“Daddy, can I help?”
She says it with such hope and eagerness, her four year-old voice and toddler accent preceding her from the other room.
When I’m home, my kid is attached to me. We play, we read, we go to Shop Rite. And we cook.
My wife gets home before me during the week, so she cooks those days and I’ll take the lead on weekends. Not just breakfast, but often dinner, especially on Sunday, as my newest tradition is to experiment with a new slow cooker recipe for the final meal of the weekend.
Any time I’m in the kitchen preparing a meal, she asks – begs – to help.
That is fantastic, not only because she needs to learn, but also because we get to spend time together and she sees how a household functions.
It’s also the worst.
Deadspin’s Drew Magary explains it perfectly:
“One of the hardest things about being a parent is letting kids help. I want my kids to help with everything. I need them to. It’s essential to them becoming responsible and self-reliant citizens. By, by god, they fuck up EVERYTHING. It’s exhausting.”
Letting your kid cook with you is a gift and a curse.
The other night, I was making the nine minute one-pan pasta and she was sitting on the counter, acting as my apprentice, my very own sous chef. I broke the pasta in half and let her break some. I cut up the cherry tomatoes and let her dump them in. She chose and pulled off the basil leaves. She was more mature than I’d ever seen her.
Then came the onion.
As I was cutting the onion, my eyes began watering, and she began getting upset. She’s seen me cry before – many times – like when something emotional happens or when we watch the part in Inside Out when Bing Bong disappears, but this time she opened the cabinet doors so that I was blocked from her field of vision. She refused to close them until I stopped crying.
When mixing ingredients or preparing seasoning, she’ll pull out anything and everything and will pretend to add all sorts of “tweats” to the meal, from chocolate candy bars to juice to blueberries, strawberries, and watermelon.
It’s adorable and endearing and one of my favorite things about cooking together.
She’s already an expert at cracking eggs.
Being the educated coastal liberal elites that we are, we buy organic, and the eggs don’t break nearly as cleanly as regular eggs. So the first few times it was a minor disaster. One time, she dropped both yolk and broken shell into the bowl. Another time, she wasn’t looking and missed the bowl, dropping the yolk on the counter, which then slid down the cabinet all the way to the floor like an eel. A few times, she crushed it in her hand like a villain in a bad action film. But now she’s good. If I ever have to dig a shell out of the yolk, they are tiny pieces and as she keeps saying, “Sowwy, Daddy,” I have to reassure her and explain that she’s already far ahead of others, especially me.
Over the summer, my brother mentioned how he really got close with our mom when they would be preparing dinner together. But I never really had that experience. I rarely helped my mother in the kitchen. I want to say it’s because she would swear she didn’t need help unless she called to us – something that continues to this day – but it’s probably more because I was so wrapped up in my own selfish world that I wanted to watch what I wanted to watch or listen to what I wanted to listen to until the meal was ready, which I could then eat and go back to my own thing.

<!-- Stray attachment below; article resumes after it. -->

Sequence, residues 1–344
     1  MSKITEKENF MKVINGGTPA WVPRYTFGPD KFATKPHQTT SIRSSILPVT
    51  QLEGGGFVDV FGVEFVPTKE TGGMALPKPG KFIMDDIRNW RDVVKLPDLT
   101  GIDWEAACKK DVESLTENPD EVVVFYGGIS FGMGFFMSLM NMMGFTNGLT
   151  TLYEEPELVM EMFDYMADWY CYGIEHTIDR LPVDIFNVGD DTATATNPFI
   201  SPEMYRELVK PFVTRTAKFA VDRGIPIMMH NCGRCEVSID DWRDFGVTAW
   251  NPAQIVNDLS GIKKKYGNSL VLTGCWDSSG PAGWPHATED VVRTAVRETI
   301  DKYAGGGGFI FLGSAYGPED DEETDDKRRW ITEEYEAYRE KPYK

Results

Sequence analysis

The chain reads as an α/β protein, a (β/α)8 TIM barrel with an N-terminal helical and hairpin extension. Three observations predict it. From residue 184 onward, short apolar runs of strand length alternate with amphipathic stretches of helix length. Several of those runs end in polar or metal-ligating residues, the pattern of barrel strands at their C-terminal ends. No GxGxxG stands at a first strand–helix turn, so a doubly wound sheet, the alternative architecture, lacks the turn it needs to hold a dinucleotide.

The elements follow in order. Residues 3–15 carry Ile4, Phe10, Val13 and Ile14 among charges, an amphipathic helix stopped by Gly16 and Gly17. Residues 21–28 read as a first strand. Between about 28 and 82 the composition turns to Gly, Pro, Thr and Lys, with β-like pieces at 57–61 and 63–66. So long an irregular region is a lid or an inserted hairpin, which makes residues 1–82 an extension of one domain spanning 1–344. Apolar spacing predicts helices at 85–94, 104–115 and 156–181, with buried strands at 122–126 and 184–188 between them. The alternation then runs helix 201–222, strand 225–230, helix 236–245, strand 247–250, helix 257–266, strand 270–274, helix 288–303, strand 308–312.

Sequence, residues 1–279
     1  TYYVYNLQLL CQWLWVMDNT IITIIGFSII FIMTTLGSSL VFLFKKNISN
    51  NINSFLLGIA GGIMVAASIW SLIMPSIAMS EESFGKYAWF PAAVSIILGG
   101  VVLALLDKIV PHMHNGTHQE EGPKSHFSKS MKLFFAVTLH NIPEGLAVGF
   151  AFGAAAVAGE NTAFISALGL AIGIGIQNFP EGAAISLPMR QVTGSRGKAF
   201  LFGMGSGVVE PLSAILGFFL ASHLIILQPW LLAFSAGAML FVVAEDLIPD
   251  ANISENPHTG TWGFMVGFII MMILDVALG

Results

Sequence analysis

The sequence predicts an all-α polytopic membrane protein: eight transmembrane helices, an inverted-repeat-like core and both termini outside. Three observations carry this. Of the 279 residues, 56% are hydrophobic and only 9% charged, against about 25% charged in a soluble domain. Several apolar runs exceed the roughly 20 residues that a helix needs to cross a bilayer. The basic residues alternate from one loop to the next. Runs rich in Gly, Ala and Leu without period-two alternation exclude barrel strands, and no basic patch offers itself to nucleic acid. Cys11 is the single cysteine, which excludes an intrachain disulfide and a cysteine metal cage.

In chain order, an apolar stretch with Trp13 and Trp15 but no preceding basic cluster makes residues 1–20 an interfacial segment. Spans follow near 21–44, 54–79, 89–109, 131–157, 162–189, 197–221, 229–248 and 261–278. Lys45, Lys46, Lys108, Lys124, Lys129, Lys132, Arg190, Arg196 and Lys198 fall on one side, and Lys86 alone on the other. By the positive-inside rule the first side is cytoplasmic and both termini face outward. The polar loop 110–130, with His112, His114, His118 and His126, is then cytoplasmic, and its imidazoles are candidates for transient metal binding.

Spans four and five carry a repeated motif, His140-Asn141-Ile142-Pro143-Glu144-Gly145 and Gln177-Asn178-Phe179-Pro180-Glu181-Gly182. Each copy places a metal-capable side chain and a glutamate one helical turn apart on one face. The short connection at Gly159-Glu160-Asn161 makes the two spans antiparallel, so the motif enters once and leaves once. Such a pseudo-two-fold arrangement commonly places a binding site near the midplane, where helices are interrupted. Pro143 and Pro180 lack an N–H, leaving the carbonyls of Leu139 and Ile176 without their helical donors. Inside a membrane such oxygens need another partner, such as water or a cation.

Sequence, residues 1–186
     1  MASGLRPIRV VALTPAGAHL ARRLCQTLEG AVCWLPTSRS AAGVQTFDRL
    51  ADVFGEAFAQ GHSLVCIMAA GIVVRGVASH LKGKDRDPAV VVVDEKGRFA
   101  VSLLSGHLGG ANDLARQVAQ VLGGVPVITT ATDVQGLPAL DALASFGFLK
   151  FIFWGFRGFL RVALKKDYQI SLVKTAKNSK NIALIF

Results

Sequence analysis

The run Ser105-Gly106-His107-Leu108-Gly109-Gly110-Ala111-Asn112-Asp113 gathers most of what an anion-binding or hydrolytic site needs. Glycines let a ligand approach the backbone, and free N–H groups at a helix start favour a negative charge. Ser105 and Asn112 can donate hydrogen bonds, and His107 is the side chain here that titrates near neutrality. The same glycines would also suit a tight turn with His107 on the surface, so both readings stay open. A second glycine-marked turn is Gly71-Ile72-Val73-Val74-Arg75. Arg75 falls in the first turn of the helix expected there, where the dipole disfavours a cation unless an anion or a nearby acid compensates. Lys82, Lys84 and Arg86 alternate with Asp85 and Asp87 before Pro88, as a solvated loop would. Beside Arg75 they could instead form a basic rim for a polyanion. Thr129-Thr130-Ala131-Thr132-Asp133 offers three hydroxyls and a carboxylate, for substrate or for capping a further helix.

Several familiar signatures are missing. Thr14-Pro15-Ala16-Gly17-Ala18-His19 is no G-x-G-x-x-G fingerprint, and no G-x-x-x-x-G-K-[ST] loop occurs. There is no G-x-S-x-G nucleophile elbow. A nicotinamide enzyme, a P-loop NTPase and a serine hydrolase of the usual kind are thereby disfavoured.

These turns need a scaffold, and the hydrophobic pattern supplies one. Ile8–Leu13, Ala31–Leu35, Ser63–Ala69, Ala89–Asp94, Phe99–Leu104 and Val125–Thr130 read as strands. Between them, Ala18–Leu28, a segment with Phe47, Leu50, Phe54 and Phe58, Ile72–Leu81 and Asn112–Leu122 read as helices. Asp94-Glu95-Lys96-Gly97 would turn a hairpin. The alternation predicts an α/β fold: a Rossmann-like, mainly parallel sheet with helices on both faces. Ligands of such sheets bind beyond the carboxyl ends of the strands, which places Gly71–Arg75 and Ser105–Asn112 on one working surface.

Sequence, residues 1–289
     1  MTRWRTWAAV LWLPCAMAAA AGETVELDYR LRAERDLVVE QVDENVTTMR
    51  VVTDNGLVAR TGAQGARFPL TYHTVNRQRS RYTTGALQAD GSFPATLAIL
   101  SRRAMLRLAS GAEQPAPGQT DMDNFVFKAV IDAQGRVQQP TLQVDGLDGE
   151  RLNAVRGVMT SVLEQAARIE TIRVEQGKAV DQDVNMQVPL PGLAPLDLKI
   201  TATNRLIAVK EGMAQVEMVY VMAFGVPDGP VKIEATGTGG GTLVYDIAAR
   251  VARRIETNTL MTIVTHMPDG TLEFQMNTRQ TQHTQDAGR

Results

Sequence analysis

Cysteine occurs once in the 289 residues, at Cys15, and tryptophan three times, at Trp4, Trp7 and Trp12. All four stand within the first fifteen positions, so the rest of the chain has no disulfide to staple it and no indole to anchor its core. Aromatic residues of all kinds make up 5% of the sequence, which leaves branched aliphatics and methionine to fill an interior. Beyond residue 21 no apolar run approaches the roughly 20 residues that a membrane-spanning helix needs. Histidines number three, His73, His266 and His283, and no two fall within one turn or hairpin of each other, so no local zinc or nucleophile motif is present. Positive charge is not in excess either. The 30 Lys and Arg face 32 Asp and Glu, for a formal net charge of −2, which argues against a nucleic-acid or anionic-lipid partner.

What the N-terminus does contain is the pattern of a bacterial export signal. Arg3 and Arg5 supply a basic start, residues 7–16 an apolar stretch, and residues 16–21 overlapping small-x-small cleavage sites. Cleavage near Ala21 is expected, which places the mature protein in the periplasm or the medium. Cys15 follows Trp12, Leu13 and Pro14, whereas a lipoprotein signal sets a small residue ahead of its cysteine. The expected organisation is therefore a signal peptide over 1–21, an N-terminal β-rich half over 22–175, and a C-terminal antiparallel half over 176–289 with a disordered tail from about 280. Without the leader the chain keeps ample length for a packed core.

I’m not sure how it happened, but I didn’t do dishes growing up. I had plenty of other chores, but cleaning up after dinner wasn’t one of them. Ironic, considering that I now spend at least an hour every evening washing dishes, loading/unloading the dishwasher, making lunches, and preparing coffee for the next morning.
I didn’t truly learn how to cook until after the age of 25. That’s far too late and I’m happy that it seems my daughter will be a quicker study than I was. We’ve already had discussions about the differences between vegetable, canola, and olive oil.
Still, it can be incredibly frustrating.
When kids help, they don’t always listen or take precaution. They get their fingers too close to cutting knives. They stand next to a pot of boiling water. They ask to eat the excess batter oozing out of the side of the waffle maker while it’s still on. They touch chili powder and then immediately touch their eyes. It’s like they’re playing their own miniature version of Fear Factor.
Moreover, as is the case with almost anything involving teaching, it is excruciatingly slow. If Rachel Ray had a kid helping her on her Food Network show, it would’ve been called 120 Minute Meals. They always want to do everything even though they have no clue what they’re doing or why they’re doing it. They insist on putting in the salt by themselves, then dump in a pound of it and ask if that’s okay. They follow you around, asking incredibly complex questions and then lose interest the moment the question leaves their mouth, already onto the next topic. They go to the pantry and pull out something you haven’t seen in years and ask if that’s what you need.
And yet, it’s wonderful. We never have enough free time, so when we cook together, we spend time together and connect on a deeper level, just like my brother said he did with our own mother. It’s fun and frustrating, but most of all it’s special. There’s no one I’d rather have helping me in the kitchen.
Well, except Beyoncé.
Christopher Pierznik’s eight books are available in paperback and Kindle. His work has appeared on XXL, Cuepoint, Business Insider, The Cauldron, Medium, Hip Hop Golden Age, and many more. Subscribe to his monthly reading review newsletter or follow him on Facebook or Twitter.